The cost-of-living crisis as a result of the lingering pandemic — and more recently Russia’s onslaught in Ukraine — is being felt acutely around the globe. In advanced economies like the US and UK, the cost of food has increased dramatically because of logistical problems getting commodities out of Black Sea ports, as well as disruptions to harvesting in the region. Even before the pandemic, the US, which has a more dynamic economy than Europe’s — and a Federal Reserve that pursues policies favoring full employment — had a higher base inflation rate than many of its European counterparts. The Consumer Price Index is used globally to measure the average change over time in prices paid by consumers and is widely used to measure inflationary trends. We look at the CPI of breads and cereals in the UK and US since 2003.

In many low- and middle-income countries, availability of safe, drinkable water remains scarce. Though access has improved significantly in many places over the past two decades – by 152% in Afghanistan, for instance – the very low baseline means that still only 28% of that population has access to high quality drinking water. Meanwhile, countries like the Central African Republic, Zambia, Nepal, and Pakistan saw their access reduced over the past two decades. Here’s a snapshot of the relative change in access to safe drinking water around the world from 2000-2020.

While the debate over fetal rights versus a woman’s right to choose is particularly ferocious in the US, it’s also a divisive issue in many parts of the world, particularly in countries where the Roman Catholic Church holds influence. We take a look at abortion laws globally, as well as countries with the highest official abortion rates.

Ari Winkleman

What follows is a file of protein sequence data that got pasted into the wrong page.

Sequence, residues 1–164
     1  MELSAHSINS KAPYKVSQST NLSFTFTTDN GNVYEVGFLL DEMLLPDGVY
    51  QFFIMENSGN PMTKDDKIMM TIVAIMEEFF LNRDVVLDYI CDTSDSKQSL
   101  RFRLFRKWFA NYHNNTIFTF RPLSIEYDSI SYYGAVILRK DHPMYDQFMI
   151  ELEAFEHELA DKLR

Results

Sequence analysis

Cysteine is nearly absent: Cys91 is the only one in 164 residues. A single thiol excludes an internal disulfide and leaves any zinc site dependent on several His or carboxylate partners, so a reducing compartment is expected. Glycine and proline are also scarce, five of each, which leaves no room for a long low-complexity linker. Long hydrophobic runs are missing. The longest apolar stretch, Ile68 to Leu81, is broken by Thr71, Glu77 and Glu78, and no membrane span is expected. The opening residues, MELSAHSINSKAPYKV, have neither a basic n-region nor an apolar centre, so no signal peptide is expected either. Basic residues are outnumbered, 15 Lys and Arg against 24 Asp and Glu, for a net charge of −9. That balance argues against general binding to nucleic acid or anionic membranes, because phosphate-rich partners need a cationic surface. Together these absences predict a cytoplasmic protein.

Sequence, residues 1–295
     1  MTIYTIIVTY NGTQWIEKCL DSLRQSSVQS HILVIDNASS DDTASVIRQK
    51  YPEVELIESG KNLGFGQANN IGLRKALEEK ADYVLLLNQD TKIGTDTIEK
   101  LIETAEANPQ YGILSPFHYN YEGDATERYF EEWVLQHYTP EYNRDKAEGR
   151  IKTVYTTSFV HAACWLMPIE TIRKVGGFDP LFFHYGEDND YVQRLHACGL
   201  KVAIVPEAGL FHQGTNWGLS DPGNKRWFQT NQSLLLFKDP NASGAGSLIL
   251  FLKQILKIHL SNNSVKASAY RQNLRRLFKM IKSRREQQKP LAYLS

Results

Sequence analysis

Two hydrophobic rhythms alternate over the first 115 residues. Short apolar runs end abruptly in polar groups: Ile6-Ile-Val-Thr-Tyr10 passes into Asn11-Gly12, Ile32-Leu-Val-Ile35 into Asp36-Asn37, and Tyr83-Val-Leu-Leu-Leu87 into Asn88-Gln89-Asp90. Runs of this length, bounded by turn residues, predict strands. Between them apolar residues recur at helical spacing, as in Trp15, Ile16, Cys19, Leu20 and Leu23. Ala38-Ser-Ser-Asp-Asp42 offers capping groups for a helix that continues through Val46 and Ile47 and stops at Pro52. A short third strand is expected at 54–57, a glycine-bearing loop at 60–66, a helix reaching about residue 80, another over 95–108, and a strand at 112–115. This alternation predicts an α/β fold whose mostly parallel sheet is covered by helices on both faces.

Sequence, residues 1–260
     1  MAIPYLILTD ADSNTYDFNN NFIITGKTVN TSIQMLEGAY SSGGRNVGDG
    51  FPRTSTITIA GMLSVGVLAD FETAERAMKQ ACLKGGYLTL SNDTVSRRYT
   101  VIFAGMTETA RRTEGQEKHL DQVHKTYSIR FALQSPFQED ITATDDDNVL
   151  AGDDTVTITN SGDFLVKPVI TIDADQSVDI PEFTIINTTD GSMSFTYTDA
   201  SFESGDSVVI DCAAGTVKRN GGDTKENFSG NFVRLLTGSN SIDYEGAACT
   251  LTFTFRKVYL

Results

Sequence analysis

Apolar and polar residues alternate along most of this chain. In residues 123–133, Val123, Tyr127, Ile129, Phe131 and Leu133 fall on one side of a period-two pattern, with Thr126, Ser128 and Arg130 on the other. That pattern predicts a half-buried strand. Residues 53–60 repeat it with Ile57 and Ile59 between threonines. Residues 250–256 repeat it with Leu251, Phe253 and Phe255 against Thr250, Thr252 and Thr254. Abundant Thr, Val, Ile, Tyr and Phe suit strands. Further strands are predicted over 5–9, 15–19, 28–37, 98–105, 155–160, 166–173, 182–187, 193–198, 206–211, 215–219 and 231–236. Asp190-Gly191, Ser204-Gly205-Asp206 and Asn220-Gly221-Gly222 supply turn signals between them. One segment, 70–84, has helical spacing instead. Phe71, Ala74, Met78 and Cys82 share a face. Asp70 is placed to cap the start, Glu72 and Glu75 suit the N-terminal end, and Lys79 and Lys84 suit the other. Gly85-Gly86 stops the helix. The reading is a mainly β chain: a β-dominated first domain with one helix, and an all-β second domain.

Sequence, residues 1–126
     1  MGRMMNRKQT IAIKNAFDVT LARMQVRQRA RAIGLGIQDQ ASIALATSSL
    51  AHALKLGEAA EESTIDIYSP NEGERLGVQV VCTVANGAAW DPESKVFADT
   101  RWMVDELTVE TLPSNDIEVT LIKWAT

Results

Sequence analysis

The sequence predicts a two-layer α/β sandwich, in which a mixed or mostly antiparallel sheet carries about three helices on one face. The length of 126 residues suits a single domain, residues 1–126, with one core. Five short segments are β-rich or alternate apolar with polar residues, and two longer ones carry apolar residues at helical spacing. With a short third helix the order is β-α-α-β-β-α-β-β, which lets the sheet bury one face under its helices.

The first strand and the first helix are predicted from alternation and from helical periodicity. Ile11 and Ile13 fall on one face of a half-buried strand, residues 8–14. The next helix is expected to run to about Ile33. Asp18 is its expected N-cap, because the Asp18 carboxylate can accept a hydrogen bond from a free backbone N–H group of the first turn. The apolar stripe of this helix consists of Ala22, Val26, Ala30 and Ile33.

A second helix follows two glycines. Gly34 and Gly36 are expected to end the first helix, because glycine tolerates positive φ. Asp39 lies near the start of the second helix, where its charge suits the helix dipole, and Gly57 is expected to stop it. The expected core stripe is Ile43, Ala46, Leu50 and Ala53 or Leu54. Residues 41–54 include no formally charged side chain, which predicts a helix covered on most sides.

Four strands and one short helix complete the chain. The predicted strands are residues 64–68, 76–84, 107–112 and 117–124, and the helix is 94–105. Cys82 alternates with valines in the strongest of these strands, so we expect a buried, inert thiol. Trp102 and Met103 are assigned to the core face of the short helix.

Elon Musk aside, does anybody else love Twitter? The platform’s 280-character tweets are an essential tool for governments, institutions, politicians, and journalists — as well as eccentric billionaires, of course — but in the grander scheme, not a lot of regular folks are hooked. We look at the brave — and scary — user numbers of social media, where not many care whether you RT’d or simply liked their thread.

Ari Winkleman

For arms manufacturers, war is great for business. Even before Russia invaded Ukraine, global military spending was already on an upswing, to the tune of $2 trillion last year. Now, the US and its allies are splashing around a lot of dough to send the Ukrainians weapons to defend themselves against the Russians — to the delight of anyone who owns shares of the companies that make those arms. We take a look at how the stock prices of the world's top defense companies have performed in 2022 so far.

According to several indicators, the US economy is doing fine. Joblessness, for instance, is way down, with fewer Americans collecting unemployment benefits than at any time since the 1970s. Still, inflation has caused the cost of food and fuel in the US to soar to a 40-year high. Polling shows that Americans’ sense of financial security and economic stability is waning – a massive problem for President Joe Biden ahead of the midterm elections. Biden says American companies should help tackle inflation by lowering costs, not wages. But Fed Chair Jerome Powell signaled plans to take action this week, raising expectations of an interest rate hike in May. We take a look at US consumer confidence, which reflects general sentiment about the state of the economy, since 2000.

Consumers’ perceptions of the economy can cause big shake-ups in European politics. After the sovereign debt crisis (2012-2015), and the subsequent migrant crisis, many Europeans became more susceptible to eurosceptic, populist messages. The effects of the war in Ukraine are being felt acutely in the European Union. The energy sector is in a tailspin, driving fuel prices through the roof. Many analysts say that Europe is experiencing a cost of living crisis. Unsurprisingly, Europeans are gloomier about the state of the economy than at any time since the 2008 recession. We take a look at perceptions of the economy in the EU over the past 22 years.

Ari Winkleman

Lithuania made headlines in recent days, announcing that it’s ending all imports of Russian natural gas. Indeed, this shift has been seven years in the making. Spooked by Russia’s annexation of Crimea in 2014, Lithuania – which at the time got almost 100% of its natural gas imports from Russia – began diversifying its energy procurement methods. Fast forward to 2022, and it's ditching Moscow entirely. The other Baltic states are on a similar trajectory. What efforts have other top EU importers of Russian natural gas made to reduce reliance on Moscow during that same time? We take a look here.